6. Watch for the Children's Crusade. 1812 is done, but 1212 is famous for the supposed invasion of the Holy Land by bands of children. That more or less sums up the state of the Colts offense right now. With so many young guys who have never been to Foxboro, let's hope that this expedition ends better than that one.

7. Watch the rookie. The Pats' pass defense is average against #1 wideouts, amazing against #2s, but last in the NFL against third and fourth wideouts. Look for a huge game from T.Y. Hilton. He's been getting better each week, and the Colts need a near 100-yard effort out of him if they are going to score enough to keep up with the Pats.

8. Watch for a renewed rivalry. Will the fans in Beantown hate Andrew Luck they way they hated Peyton Manning? Will Fitzy go on a rampage?  While we know that Tom Brady's football career is slowly fading into his modeling career it wouldn't be a shock if these two powerhouses rekindled the spark and made this one of the season's most watchable games. A competitive game would go a long way in restoring what is one of the great sports rivalries. Let's hope they somehow find a way to put the punch back in this slugfest.

9. Watch the end of a legacy. The Colts and Patriots have played every year since 2003, and before that they played twice a year as far back as the NFL merger in 1970 (with the exception of the 1982 strike season). Barring something unforseen, these two teams won't play in 2013. The Colts would have to win the South or the Pats would have to lose the East and that's probably not going to happen. All good things must come to an end, and the Colts Pats will be put on hold, at least for the time being.

10. Watch the spike-off. Gronkowski is famous for a lot of things, but one thing he's famous for on the football field is his emphatic spikes after touchdowns. Last week Andrew Luck pulled out a little Gronk-like spike after a five-yard touchdown run. Who's going to get to add to his total today, and, more importantly, who's spikes will be more impressive? 

11. Watch for a surprise. Tom Brady has faced the same defense in Indianapolis every single year since the start of his career. The Colts, prior to the new front office, basically ran the same set of coverages for the past decade. But this year, the Colts have, as Football Outsiders put it, "no traceable tendencies." In years past, everybody knew exactly what the Colts would be doing, to some extent. This year, Greg Manusky just seems to roll a couple of dice to choose what kind of coverages they're going to run, thus freeing up his mind for more important things.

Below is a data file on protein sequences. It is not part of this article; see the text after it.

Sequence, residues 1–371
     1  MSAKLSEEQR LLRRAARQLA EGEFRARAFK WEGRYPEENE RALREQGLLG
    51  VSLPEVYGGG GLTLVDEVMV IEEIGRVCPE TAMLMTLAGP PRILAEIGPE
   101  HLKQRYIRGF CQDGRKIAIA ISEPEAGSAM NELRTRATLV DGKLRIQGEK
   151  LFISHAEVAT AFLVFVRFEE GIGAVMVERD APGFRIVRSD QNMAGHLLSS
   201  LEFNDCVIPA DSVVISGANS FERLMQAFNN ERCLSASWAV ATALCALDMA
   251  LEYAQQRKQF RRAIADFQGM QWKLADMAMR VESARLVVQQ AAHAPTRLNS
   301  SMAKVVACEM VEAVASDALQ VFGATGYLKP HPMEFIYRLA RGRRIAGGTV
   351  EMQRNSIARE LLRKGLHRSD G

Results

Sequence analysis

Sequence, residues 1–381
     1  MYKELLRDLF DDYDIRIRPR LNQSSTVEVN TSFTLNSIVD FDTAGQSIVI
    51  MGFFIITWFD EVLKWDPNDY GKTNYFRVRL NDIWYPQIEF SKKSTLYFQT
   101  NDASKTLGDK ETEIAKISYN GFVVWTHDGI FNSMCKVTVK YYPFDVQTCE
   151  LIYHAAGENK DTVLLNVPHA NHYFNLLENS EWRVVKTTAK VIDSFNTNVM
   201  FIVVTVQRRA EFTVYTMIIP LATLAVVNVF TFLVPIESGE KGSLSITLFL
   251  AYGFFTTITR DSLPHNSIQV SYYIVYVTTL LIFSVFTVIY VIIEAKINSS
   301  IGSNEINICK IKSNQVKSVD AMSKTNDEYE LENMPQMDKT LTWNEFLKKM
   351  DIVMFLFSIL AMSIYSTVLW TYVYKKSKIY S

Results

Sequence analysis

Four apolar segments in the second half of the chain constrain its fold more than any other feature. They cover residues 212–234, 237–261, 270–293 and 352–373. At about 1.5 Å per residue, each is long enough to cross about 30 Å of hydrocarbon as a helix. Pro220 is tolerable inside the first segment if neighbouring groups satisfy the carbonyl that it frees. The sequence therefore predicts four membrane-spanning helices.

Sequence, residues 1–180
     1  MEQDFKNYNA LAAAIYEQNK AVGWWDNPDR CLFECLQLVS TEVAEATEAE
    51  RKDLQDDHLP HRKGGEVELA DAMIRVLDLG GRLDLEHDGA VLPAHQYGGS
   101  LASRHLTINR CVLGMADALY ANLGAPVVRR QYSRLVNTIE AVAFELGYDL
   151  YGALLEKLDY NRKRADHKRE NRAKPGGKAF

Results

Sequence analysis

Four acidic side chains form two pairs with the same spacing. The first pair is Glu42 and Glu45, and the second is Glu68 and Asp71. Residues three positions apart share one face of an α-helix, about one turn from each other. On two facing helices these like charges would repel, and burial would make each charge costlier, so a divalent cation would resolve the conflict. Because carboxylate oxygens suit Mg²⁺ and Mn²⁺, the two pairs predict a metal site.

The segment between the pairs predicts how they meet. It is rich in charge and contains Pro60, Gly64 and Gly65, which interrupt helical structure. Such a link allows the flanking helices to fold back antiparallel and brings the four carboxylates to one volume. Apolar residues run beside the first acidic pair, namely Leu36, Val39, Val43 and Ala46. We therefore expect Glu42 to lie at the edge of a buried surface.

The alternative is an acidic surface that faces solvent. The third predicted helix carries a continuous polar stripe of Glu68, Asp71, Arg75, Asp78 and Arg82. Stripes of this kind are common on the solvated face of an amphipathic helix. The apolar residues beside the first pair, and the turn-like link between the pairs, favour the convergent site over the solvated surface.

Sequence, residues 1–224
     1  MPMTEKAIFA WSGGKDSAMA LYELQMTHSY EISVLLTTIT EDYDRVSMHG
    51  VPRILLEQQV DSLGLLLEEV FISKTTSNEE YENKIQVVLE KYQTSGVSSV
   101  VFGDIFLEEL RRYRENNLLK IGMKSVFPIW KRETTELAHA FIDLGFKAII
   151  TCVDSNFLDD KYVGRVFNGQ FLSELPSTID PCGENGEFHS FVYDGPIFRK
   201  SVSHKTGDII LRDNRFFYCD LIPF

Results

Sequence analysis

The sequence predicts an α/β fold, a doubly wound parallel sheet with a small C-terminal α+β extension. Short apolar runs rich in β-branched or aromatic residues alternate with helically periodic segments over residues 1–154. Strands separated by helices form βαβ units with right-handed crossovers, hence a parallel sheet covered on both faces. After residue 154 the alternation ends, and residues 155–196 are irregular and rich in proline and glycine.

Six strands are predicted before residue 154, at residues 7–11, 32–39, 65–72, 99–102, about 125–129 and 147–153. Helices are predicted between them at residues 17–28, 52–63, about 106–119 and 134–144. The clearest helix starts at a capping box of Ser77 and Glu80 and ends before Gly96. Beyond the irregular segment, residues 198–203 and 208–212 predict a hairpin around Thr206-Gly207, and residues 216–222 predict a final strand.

12. Watch for a bump in the road. I want to take the Colts in this game. Honest I do. A win over New England would be almost as great an achievement as winnging a playoff game, and would signal that perhaps the Colts have a little substance to go with the smoke and mirrors. As much as I wish I could, I can't pull the trigger on a prediction here. New England's offense is too good. Indy puts up a good fight, but falls. Patriots 42 Colts 31.

Eyes is the joint product of Kyle Rodriguez, Todd Smith and Nate Dunlevy.

Eyes in the Backfield-Patriots

Six Things to Watch for in Sunday’s Colts Patriots Game

Who is this man and why is his picture here today? Guess right in the comments section and win a prize.

Last week, Curtis Painter ruined our day. This week, the Colts turn to Dan Orlovsky to face the mighty Patriots. Well, you pretty much know where this is going. Let’s get down to business, be on the lookout for…

1. Watch the Dan Orlovsky era. Do I laugh or cry as I type those words? As a reader pointed out, Orlvosky’s advanced metrics in 2008 for the 0-16 Lions were vastly superior to Painter’s this year. Their raw numbers were pretty identical. No matter how Orlovsky plays this week, just remember that people were over the moon about Painter for about five minutes too. I hope he plays amazing and throws for a bazzilion yards. Just don’t get too excited about anything he does. Remember Painter for a half against Kansas City. Anyone can look good for a little while.


2. Watch the what if. As bad as the Colts defense has been this year, one has to wonder if it wouldn’t be any worse than the Patriots D if Manning was healthy. The Pats defense is in the bottom 10 in the league in DVOA, but is 11th in the NFL in points, thanks in part to help from one of the NFL’s best offenses. The Patriots have an extremely shaky pass defense, but are still contenders in a watered down AFC. This is the year to have a weak defense in the AFC, as none of the top contenders have great passing games except for New England. Sigh.


3. Watch for 15 yards a pop. Gronkowski leads the league in DYAR and is third in DVOA and is having a massive season for the Pats. He’s averaging nearly 15 yards a catch and has a catch rate over 70%. Essentially, he’s dominating football. The Colts are 24th in football against Tight Ends. So you know…do the math.

4. Watch alternative programming. If you don’t have NFL Redzone, you’ll be needing something else to watch in the second half of the game. NBC is airing the Winter Swimming National Championships. Or something. Telemundo is showing The Pacifier, presumably dubbed in Spanish. That’ll be a hoot. Some reruns of Scrubs are on Comedy Central. I think it’s the one where J.D. gets holy hell beat out of him by some pretty boy Elliot is dating. Oh wait, that’s on CBS. Never mind.